As you've read I've made a point at not recommending specific cameras. Lot's of reasons for that. Specifically the rules of When, where and why. But also because there are new cameras out every 6 months. And if you are here, you probably already know what you want in terms of your own more frequent photography needs.
The real recommendation on what camera to take when trekking is going to be based on your own needs.
I've seen everything from Canon Rebels to Nikon D4's and small compacts being used when trekking in Nepal.
If you don't have a camera then you might consider the following
Mobile, DSLR or Mirrorless.
Mobile: Nepal is a once in lifetime opportunity for fantastic photos. Personally, I would avoid the pitfall of using a mobile phone as your sole camera. Mobiles are great for selfies and social media, but for high resolution e.g. printing or viewing on a big screen they don't do justice to a photograph
DSLR: Canon and Nikon are the main makers you should consider for what you might recognise as the standard big camera. They come in entry, mid-range and high-end ranges. You'll need a couple of lenses too. So their biggest draw back is weight and bulk. But, in return you get the best images. Batteries are a big plus here too as they last a long time (good for mountains). Both have lots of accessories and repair shops know the brands well.
Mirrorless: These cameras are becoming more and more popular the world over. They are able to produce amazing photographs with none of the bulk or weight that DSLRs have. The main problem with them is expense, they are much smaller and can be fiddly. But perhaps most importantly for trekking is that they consume a lot of battery power. On charge may only last about 3-4 hours while a DSLR could give you days. In the mountains, that last point is important.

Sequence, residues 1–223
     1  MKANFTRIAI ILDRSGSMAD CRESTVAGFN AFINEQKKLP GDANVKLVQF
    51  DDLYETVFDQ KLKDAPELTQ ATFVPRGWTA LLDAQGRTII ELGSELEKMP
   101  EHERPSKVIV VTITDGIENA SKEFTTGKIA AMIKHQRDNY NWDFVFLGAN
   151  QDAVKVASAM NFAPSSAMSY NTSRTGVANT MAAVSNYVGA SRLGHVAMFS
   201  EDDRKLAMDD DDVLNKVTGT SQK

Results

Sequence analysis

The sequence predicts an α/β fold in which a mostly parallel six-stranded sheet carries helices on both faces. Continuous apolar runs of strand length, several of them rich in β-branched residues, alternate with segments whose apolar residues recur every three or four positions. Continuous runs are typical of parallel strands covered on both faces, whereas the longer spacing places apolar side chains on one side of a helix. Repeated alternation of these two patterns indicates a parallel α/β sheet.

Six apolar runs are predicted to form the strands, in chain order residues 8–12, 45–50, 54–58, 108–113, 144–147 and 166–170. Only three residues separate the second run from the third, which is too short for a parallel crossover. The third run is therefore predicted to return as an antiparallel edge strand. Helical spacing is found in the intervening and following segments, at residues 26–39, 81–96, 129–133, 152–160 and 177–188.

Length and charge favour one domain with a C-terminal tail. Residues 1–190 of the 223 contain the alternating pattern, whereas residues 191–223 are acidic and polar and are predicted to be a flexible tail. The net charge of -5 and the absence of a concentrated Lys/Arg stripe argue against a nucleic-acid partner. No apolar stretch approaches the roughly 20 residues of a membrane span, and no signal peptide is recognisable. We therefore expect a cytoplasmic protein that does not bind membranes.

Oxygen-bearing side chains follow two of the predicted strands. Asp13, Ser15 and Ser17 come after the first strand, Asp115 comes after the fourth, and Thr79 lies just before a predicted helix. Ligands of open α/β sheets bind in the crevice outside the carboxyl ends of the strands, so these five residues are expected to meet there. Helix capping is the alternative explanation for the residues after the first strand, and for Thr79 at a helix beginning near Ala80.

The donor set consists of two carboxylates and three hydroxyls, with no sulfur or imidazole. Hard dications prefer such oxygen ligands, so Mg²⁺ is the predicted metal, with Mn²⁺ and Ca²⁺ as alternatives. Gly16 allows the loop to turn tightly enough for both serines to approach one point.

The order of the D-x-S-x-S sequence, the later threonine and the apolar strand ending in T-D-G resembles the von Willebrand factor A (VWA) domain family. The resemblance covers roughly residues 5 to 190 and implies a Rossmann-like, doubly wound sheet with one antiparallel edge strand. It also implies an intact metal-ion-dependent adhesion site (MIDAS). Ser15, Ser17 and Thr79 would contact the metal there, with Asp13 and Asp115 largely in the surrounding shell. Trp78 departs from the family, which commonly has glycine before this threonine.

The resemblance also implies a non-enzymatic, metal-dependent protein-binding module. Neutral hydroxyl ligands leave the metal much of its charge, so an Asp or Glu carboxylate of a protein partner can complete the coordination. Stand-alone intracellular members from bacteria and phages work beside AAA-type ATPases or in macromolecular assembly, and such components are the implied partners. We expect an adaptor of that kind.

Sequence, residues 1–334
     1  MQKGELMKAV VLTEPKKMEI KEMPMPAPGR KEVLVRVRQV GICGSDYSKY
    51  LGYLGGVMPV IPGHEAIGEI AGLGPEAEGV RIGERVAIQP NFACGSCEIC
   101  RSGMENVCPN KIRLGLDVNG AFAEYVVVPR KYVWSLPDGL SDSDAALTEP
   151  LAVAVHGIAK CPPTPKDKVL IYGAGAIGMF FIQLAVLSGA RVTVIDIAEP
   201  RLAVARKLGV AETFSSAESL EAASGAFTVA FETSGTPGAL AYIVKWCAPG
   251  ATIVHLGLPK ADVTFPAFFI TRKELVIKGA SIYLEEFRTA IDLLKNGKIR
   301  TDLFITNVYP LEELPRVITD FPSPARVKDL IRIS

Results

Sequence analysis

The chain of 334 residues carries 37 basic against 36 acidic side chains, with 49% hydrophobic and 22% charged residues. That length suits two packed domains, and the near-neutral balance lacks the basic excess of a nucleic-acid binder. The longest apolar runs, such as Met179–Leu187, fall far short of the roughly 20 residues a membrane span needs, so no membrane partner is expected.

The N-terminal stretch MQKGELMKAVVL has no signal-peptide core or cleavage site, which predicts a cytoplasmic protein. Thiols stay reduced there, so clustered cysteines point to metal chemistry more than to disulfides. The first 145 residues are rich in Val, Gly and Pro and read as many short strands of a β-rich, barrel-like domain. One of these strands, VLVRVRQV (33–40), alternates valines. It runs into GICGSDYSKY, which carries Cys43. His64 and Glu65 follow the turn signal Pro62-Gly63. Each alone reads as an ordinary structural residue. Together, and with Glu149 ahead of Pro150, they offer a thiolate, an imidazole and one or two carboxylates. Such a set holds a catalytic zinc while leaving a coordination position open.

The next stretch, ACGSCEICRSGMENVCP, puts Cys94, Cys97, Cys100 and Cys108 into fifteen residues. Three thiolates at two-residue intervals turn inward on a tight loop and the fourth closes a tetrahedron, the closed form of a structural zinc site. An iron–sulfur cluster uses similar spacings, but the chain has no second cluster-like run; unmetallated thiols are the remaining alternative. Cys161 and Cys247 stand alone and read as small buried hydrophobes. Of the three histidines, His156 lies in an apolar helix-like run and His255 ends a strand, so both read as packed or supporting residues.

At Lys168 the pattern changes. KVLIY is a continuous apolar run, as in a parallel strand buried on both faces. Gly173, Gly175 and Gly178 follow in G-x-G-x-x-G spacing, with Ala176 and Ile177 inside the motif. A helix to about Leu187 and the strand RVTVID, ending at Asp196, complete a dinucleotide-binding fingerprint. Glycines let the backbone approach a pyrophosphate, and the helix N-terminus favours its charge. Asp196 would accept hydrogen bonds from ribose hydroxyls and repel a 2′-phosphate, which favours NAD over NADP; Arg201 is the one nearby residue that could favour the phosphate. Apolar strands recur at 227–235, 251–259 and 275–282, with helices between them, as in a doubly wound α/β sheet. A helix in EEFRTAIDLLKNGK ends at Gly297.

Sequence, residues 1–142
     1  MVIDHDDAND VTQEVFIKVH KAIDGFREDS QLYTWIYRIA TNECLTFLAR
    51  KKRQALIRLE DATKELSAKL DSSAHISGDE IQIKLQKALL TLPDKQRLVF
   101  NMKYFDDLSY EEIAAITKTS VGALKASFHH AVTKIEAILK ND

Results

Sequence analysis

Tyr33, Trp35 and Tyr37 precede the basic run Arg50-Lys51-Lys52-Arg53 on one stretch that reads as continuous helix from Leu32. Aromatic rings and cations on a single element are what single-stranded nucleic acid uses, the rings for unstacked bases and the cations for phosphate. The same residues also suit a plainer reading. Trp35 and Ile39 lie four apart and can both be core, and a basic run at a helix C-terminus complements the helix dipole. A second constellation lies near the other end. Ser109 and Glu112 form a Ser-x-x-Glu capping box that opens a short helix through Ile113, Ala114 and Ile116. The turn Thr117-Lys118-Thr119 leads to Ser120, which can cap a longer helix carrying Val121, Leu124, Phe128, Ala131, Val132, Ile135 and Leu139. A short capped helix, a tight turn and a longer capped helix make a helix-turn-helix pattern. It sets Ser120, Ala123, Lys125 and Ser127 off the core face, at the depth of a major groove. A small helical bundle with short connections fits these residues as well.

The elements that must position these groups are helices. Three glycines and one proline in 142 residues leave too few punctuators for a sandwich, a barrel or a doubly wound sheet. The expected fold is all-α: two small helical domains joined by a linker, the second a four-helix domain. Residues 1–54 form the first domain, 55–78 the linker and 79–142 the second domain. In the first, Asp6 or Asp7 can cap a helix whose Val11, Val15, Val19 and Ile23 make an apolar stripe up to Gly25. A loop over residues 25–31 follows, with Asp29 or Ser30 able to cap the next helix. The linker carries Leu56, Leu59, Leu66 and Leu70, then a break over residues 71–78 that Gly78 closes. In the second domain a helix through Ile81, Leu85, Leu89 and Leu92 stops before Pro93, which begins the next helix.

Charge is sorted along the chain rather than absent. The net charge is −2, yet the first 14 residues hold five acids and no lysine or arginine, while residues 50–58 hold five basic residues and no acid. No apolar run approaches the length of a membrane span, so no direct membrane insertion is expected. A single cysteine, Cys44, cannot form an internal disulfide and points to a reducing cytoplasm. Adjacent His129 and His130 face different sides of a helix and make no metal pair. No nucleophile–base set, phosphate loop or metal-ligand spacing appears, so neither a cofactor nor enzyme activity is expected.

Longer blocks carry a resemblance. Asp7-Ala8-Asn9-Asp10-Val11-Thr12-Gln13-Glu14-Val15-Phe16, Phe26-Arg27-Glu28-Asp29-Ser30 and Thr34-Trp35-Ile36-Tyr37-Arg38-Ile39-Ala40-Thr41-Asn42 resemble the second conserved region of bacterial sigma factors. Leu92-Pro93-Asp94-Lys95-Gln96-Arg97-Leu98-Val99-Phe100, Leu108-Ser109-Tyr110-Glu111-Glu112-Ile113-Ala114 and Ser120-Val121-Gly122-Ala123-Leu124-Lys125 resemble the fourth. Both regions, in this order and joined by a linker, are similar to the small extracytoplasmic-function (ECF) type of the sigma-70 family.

My recommendation is to first and foremost understand when are you going, where are you going and why are you taking photos.
I will say if you plan on photographing inside monasteries or guesthouses then you'll need a camera and a lens with good low light capabilities.
When out above 4000 meters things tend to get bright - white (snow) and blue (sky). If it's just before the monsoon season things might get a little hazy too. Other than that dealing with light will be your main issue.
Remember if you are trekking at altitude you'll be dealing with a lot more than what setting to put your camera on. Altitude sickness and the effects of it are serious. It can have a serious on your concentration! Do read about altitude sickness before you go trekking.
You'll also be outside on the move nearly everyday. The idea of shooting only in the magic golden hours for most trekkers is reserved for where ever you'll be waking or sleeping that day.
After that, the following list of recommended equipment might help too!